That stack also includes one additional element: Kafka. Because of the huge volume of requests and volumes of data we’re processing (more than two petabytes per month), we decided to leverage Kafka to consume the data from Logstash and publish the data to Elasticsearch, providing us with an elegant buffer in the process. Kafka gives us the ability to pause and replay data, while also giving us a much more graceful error-handling toolkit than Elasticsearch has. Elasticsearch does not always handle this volume of data very well, so being able to pause and replay data when things error out can help to ensure that no data is lost. Lastly, having Kafka sets us up to be future-proof, as we can always scale up brokers and add more consumers if we decide we want to publish the data elsewhere later on.

Braze’s request data flow pipeline for logs.

This wasn't a trivial task, as there were many challenges we faced along the way. For starters, we had to integrate the ELK stack with Fastly and set up Kafka to handle the immense volume of traffic.

Our team had to ensure encryption to keep our data safe and secure, as well as set up routing rules to direct all the traffic. We also had to scale the number of Logstash servers, in addition to determining the most efficient way to allocate CPU and memory. These servers need to be able to take in all the data Fastly sends, then parse and transform the data to format it the way Kafka expects it.

At peak, we're processing 200 megabytes per second from Fastly! In order to write that much data to Kafka, we had to perform proper capacity planning to ensure the Kafka brokers could meet the load. This meant tweaking things like the number of "partitions." Partitions allow you to parallelize a topic by splitting the data in a particular topic across multiple brokers. Each partition can be placed on a separate machine to allow for multiple consumers to read from a topic in parallel, and each partition can be written to separately.

To make it all happen, I worked on this project with our DevOps team. After months of hard work, we were able to set up all this architecture, and were ready to go back to Fastly and log all these different pieces of information that we might want to look at. And with the Kibana web UI, aided by the very robust and elegant Elasticsearch engine, we are now able to look at our data in some very powerful and easy-to-use ways.

Let’s say we want to get more insight into how our REST API is being used. One problem we’d faced previously in terms of reliability is that we’d have massive, sudden spikes in traffic. Usually they’d only last a few minutes, and tracking down which customers made the requests and the bodies of the requests was a challenge. Not anymore:

A spike in REST API request data via Kibana’s “Discover” page.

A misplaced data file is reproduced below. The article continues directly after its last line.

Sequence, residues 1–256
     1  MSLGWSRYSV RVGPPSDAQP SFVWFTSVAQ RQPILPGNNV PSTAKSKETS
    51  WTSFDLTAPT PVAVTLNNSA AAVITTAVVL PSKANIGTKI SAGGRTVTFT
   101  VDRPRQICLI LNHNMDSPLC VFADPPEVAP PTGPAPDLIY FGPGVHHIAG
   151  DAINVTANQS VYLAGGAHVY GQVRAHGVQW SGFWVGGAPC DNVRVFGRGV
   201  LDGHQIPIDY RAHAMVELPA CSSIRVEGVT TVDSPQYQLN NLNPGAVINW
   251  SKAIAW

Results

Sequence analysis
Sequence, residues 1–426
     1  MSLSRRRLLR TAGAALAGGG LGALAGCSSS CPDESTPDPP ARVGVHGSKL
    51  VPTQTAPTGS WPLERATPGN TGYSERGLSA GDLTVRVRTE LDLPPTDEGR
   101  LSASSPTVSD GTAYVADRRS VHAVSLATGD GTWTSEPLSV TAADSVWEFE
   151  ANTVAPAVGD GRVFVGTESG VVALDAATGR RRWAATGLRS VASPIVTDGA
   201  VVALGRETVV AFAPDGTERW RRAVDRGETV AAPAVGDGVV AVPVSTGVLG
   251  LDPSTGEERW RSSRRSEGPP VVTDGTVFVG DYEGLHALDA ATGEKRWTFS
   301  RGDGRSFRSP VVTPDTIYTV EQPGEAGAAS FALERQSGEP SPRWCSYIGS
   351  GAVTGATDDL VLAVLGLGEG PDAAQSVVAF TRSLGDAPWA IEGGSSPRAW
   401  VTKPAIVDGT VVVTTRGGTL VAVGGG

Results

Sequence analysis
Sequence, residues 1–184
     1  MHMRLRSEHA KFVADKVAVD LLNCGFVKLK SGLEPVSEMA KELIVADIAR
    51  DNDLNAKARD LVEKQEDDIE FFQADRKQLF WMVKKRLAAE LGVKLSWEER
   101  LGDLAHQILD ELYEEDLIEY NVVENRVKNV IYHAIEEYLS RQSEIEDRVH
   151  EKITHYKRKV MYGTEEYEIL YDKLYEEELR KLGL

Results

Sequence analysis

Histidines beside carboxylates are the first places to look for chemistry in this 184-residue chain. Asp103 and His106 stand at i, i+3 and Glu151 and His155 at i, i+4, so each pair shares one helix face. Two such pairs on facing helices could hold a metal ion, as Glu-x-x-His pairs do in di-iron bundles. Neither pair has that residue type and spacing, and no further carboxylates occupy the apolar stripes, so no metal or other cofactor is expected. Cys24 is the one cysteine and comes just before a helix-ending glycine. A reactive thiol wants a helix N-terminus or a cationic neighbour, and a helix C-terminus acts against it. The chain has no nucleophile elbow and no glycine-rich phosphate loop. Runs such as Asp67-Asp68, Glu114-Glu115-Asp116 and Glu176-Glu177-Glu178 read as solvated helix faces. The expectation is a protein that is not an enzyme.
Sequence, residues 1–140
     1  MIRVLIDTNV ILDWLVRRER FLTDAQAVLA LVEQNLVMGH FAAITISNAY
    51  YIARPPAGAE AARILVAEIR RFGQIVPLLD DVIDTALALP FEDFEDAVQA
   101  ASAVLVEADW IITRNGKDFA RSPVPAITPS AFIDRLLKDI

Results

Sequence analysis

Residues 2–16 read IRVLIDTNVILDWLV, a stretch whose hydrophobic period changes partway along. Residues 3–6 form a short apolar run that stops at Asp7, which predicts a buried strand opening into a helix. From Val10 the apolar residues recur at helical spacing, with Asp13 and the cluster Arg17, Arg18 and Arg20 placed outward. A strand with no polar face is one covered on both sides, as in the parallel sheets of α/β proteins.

This has been immensely useful for finding very specific requests and gathering more data. Using Kibana, we can easily zoom in, look at this spike of API requests, and gather much more information on the surge, such as response codes, response times, the user agents that sent the request, the endpoints that were hit, and even more:

A look at REST API individual requests via Kibana’s “Discover” page.

We also wanted to see trends over time, which was yet another reason why we chose Kibana, because Kibana has a feature to build dashboards to visualize these types of trends. Now we can easily see the breakdown of how our various URL endpoints are being used. The graph below shows a breakdown of API traffic by endpoint, with intermittent spikes around 07:15 and 08:00am. Notice how all the lesser-used endpoint traffic stayed pretty consistent, but one endpoint—our ingestion endpoint—spiked pretty high around 07:15am:

REST API requests broken down by URL over time.

Noticing this trend, we can also see how different companies are using our endpoints over time. Grouping that same graph by customer, we can quickly see a pale yellow surge in requests that happened around 07:15am and easily identify the customer:

REST API requests broken down by the company over time.

REST API traffic more than tripled for about 20 minutes because of one customer! It can be hard to scale something that sporadic. That’s why having all this information can help us make better decisions.

All of these details combined into a few different dashboards enable us to understand our immense volume of API data faster than ever in all-new ways. We can also throw any number of filters on this data to zoom into a specific company, status code, URL, or many other ways to see how the trends change over those dimensions.

Final Thoughts

Since building this tool on top of our API data, it has given us new ways to interpret it in aggregated ways. It’s also let less technically savvy employees in on the fun, since this approach is pretty intuitive and doesn’t force them to learn a bunch of formulas or use the command line to get the data they want. This is hugely important as it frees up engineers to spend more time building new features, as well as letting our application support teams get the correct information quickly with fewer people involved to respond to our customers faster.

Interested in working on projects like these? We’re hiring!

Mark Paradiso

Mark is a site reliability engineer from Norwalk, Connecticut. He was born and raised in New York, and will always be a New Yorker at heart. His favorite foods are pizza and a bacon egg and cheese from a nearby deli. He has a passion for maintaining uptime and good performance at scale.